By their ongoing tinkering, the influence on consumers shifted from attracting customers to retaining them, largely the result of the changing dynamics of air travel. Lower fares brought in newer customers who in turn demanded low fares.  This became a catalyst for new carriers and with novel business models including Southwest Airlines, Jet Blue, and Spirit Airlines.

From then on, airlines began to compete by charging premiums for baggage, inflight food, boarding privileges and other amenities that used to come with the cost of a first-class ticket.  In this way, the total price of the fare was elusive until checkout, all but removing price as a differentiator.  In addition to those changes, free flights were now available on just about every airline, since most travelers were enrolled in each airline’s frequent flyer program.

The transition from passenger acquisition to retention, occurred as the major frequent flyer programs, Delta SkyMiles, United MileagePlus, and American AAdvantage — who were already converting miles-per-seat into points earned per passenger – secured partnerships so that its points were redeemable with other airlines (expanding the reach of a free ticket).  Redeemable points that could be exchanged for travel proved to be a successful retention model for airlines, which continues to this day.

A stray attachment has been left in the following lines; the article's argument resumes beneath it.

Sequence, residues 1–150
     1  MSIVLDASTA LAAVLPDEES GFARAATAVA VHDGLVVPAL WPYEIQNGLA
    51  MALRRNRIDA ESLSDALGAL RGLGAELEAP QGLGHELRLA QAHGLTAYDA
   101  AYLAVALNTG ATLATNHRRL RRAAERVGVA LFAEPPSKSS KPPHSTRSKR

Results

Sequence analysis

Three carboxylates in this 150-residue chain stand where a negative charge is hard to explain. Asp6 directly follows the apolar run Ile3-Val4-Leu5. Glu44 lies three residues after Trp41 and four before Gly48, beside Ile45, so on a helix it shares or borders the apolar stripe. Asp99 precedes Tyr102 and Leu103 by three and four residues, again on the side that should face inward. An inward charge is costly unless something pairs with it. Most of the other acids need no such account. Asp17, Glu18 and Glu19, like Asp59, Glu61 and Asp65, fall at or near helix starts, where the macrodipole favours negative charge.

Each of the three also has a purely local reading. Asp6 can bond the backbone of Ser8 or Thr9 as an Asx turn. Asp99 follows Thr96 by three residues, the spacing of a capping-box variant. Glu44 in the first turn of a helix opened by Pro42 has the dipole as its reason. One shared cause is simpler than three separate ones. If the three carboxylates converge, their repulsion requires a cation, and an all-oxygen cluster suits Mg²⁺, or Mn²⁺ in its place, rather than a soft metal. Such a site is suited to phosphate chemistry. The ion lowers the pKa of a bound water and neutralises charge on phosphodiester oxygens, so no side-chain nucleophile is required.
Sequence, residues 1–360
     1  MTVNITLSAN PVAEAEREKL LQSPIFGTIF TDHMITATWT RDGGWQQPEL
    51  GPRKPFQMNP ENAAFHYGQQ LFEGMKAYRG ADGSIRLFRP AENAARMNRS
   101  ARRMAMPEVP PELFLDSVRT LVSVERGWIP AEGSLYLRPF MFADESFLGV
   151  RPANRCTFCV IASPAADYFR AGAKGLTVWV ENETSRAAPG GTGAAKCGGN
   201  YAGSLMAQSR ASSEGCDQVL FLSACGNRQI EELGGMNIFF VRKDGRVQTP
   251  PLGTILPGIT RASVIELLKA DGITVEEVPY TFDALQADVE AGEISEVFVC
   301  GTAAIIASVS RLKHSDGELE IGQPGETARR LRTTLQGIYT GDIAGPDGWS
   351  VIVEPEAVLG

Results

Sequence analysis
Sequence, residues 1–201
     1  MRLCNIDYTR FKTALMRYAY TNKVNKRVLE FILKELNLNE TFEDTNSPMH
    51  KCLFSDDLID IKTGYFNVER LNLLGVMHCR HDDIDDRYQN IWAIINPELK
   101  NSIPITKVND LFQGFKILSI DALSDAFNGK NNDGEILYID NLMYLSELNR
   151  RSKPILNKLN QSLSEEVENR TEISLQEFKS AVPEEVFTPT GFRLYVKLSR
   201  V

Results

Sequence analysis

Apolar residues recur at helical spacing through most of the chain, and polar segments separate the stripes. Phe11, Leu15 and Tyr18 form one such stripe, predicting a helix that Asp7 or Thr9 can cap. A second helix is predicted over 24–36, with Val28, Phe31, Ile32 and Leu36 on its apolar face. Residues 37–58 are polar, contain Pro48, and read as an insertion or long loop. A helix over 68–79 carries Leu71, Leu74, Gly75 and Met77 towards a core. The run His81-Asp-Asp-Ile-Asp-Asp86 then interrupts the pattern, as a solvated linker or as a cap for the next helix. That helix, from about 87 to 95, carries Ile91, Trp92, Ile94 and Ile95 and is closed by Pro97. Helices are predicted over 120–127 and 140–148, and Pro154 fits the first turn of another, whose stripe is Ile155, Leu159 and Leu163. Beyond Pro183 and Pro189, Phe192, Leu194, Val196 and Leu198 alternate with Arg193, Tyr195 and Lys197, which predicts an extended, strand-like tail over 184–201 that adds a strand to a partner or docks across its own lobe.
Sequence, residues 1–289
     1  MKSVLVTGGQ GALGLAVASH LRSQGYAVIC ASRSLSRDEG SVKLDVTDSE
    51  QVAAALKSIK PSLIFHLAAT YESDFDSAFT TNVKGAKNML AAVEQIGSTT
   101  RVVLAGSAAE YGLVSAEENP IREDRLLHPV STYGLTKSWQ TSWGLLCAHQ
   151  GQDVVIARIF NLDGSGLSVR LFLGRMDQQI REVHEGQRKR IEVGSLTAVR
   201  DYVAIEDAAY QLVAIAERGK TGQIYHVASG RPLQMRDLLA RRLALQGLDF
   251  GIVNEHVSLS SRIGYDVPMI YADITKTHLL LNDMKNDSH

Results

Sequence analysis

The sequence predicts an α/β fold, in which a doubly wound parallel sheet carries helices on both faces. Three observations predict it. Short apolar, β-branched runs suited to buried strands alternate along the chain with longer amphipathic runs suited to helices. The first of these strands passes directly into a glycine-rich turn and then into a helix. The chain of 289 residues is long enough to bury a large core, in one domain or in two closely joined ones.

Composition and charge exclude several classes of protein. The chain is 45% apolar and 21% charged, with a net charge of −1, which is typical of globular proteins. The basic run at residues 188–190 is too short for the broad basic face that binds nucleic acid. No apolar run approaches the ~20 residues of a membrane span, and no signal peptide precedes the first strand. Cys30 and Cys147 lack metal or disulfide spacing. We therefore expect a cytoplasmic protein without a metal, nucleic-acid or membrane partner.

This transformation also has led to the conversion of mileage points into currency helping prop up the airline business.  This came about from credit card issuing banks realizing that airline points provide great marketing leverage for selling credit cards. So banks began buying blocks of points from the frequent flyer programs to give-away to those who signed up for new credit cards. CapitalOne bank among them, also reward customers with airline mileage points for every dollar spent using the card.  Those points can be redeemed, in turn, for any purchases using the CapitalOne card.  Just recently, Amazon has been accepting CapitalOne points for purchases.